8. Do you need solid advisors?
Starting a small business can be overwhelming. This is especially the case if you try to do everything yourself. Surprisingly, the CountingWorks What Small Business Owners Value Most in 2019 survey reveals that 60% of small business owners handle their budgeting themselves. Unfortunately, the U.S. Small Business Administration Office of Advocacy’s 2018 Frequently Asked Questions says only about half of small businesses survive past five years. To boost your chances of long-term success, surround yourself with solid advisors. For instance, experienced financial advisors can help you with accurate budgeting. Legal advisors can assist you with contracts and permits.
9. How will you lure the best talent to your company?
Obviously, offering prospective employees a competitive salary can help you lure the best talent to your company. But when you’re just starting a business, this might not be an option. To compensate for this, providing employees with growth bonuses is a good alternative. Offering employees flexible scheduling options and wellness perks such as an onsite gym, a break room stocked with healthy snacks, and standing desks may also attract promising talent to your company.
10. Should you start more than one company at once?
Do you have multiple ideas for new small businesses? Perhaps you’re eager to get more than one startup running at the same time. While this might be tempting, starting out with one company is best. You can put all your energy into getting it profitable and stable. This will prevent you from spreading yourself and your resources too thin. You can always branch out later if your first business takes off.
Starting a business can be quite an undertaking. Therefore, planning correctly and thoroughly is critical. Please feel free to contact one of our CPAs at (616) 642-9467 or request a complimentary accounting consultation.
Ever since tax reform was passed, over a year ago, taxpayers have been uncertain whether rental property will be classified as a trade or business for purposes of qualifying for the new IRC Sec 199A 20% pass-through deduction (commonly referred to as the 199A deduction).
Finally, on January 18, 2019, the IRS issued a notice which provided “safe harbor” conditions under which a rental real estate activity will be treated as a trade or business for purposes of the 199A deduction.
It’s important to note that this notice prescribes several conditions that must be met for a rental real estate enterprise (a tax term introduced by the IRS in this notice) to be deemed to be a trade or business and eligible for the section 199A 20% deduction. For purposes of this safe harbor, a rental real estate enterprise is defined as an interest in real property held for the production of rents and may consist of an interest in multiple properties.
Although the drop of the corporate tax rate from a top rate of 35% to a flat rate of 21% may be one of the most talked about provisions of the Tax Cuts and Jobs Act (TCJA), C corporations aren’t the only type of entity significantly benefiting from the new law. Owners of non-corporate “pass-through” entities may see some major — albeit temporary — relief in the form of a new deduction for a portion of qualified business income (QBI).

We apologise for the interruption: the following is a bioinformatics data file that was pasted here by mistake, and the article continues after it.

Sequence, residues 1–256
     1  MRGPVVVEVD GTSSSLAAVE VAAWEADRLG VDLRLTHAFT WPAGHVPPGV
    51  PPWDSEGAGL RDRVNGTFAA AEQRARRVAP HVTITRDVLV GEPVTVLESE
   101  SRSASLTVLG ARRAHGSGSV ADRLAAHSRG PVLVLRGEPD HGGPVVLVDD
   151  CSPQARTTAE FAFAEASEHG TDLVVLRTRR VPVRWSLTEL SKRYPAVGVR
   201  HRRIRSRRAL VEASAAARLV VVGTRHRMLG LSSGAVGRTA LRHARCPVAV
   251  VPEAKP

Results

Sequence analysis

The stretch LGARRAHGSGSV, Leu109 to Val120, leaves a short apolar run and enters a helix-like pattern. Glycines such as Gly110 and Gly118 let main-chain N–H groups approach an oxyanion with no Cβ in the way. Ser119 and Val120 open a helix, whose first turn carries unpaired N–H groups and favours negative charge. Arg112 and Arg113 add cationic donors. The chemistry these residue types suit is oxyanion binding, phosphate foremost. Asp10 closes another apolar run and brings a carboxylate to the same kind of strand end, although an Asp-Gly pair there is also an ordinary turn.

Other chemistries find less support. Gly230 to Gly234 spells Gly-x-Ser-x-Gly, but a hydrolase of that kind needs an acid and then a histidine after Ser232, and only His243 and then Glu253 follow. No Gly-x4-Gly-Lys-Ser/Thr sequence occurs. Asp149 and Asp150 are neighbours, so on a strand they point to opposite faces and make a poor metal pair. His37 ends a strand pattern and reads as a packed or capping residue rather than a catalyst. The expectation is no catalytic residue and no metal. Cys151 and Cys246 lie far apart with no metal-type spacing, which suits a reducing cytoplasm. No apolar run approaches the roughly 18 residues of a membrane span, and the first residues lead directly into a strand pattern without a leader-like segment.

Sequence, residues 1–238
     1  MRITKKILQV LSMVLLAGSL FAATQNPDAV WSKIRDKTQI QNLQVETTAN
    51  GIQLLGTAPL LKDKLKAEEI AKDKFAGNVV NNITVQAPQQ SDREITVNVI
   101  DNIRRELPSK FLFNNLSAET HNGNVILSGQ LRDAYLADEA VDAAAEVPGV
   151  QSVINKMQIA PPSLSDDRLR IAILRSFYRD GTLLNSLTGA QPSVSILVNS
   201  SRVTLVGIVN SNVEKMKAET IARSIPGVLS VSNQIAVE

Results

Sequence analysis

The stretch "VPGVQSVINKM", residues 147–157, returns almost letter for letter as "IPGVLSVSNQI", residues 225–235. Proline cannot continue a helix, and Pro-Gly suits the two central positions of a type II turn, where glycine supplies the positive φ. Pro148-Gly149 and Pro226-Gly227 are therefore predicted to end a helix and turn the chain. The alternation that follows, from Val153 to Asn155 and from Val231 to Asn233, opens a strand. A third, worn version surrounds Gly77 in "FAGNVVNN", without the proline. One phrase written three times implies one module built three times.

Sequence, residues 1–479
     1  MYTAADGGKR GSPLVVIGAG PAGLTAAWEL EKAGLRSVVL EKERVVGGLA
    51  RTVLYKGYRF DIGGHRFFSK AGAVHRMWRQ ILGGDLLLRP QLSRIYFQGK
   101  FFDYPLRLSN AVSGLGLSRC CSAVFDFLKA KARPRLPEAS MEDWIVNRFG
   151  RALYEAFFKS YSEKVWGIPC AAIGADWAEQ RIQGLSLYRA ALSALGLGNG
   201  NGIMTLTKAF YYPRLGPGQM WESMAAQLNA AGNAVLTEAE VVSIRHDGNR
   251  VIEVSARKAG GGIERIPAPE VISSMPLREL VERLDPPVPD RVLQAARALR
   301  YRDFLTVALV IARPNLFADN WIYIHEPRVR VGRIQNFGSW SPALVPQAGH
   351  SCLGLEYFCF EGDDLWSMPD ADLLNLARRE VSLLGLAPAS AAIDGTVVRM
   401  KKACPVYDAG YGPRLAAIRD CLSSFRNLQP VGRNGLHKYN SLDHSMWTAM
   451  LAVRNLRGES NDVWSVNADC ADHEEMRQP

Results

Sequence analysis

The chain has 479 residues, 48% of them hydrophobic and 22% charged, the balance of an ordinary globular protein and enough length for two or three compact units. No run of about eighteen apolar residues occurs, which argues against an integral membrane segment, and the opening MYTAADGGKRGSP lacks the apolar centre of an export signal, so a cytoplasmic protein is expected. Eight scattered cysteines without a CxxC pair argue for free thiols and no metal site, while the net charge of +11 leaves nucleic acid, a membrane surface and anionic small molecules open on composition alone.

As a business owner, you know that it’s easy to spend nearly every working hour on the multitude of day-to-day tasks and crises that never seem to end. It’s essential to your company’s survival, however, to find time for strategic planning.
Business owners put off strategic planning for many reasons. New initiatives, for example, usually don’t begin to show tangible results for some time, which can prove frustrating. But perhaps the most significant hurdle is the view that strategic planning is a time-sucking luxury that takes one’s focus off of the challenges directly in front of you.
If creating a start-up business were an easy thing to do, then a lot more people would be doing it. For those who make the decision to fulfill their dreams and go for it, success relies on being fully prepared. Some of the most common stressors encountered by entrepreneurs involve tax liabilities, whether business is booming or they’re struggling to keep their head above water. The best way to avoid these pitfalls is to learn about them ahead of time. Here’s what every entrepreneur needs to know:
The State of Michigan requires annual reporting of ‘unclaimed property’. Unclaimed property is defined as any asset, tangible or intangible, belonging to a third party that remains unclaimed for a specific period of time by the rightful owner. Any holder who fails to file a report of unclaimed property may be subject to fines and penalties as provided in the Uniform Unclaimed Property Act, Public Act 29 of 1995.
Companies and governmental agencies need to identify properties that may be reportable as unclaimed property as of March 31, 2018 and file an unclaimed property report by July 2, 2018.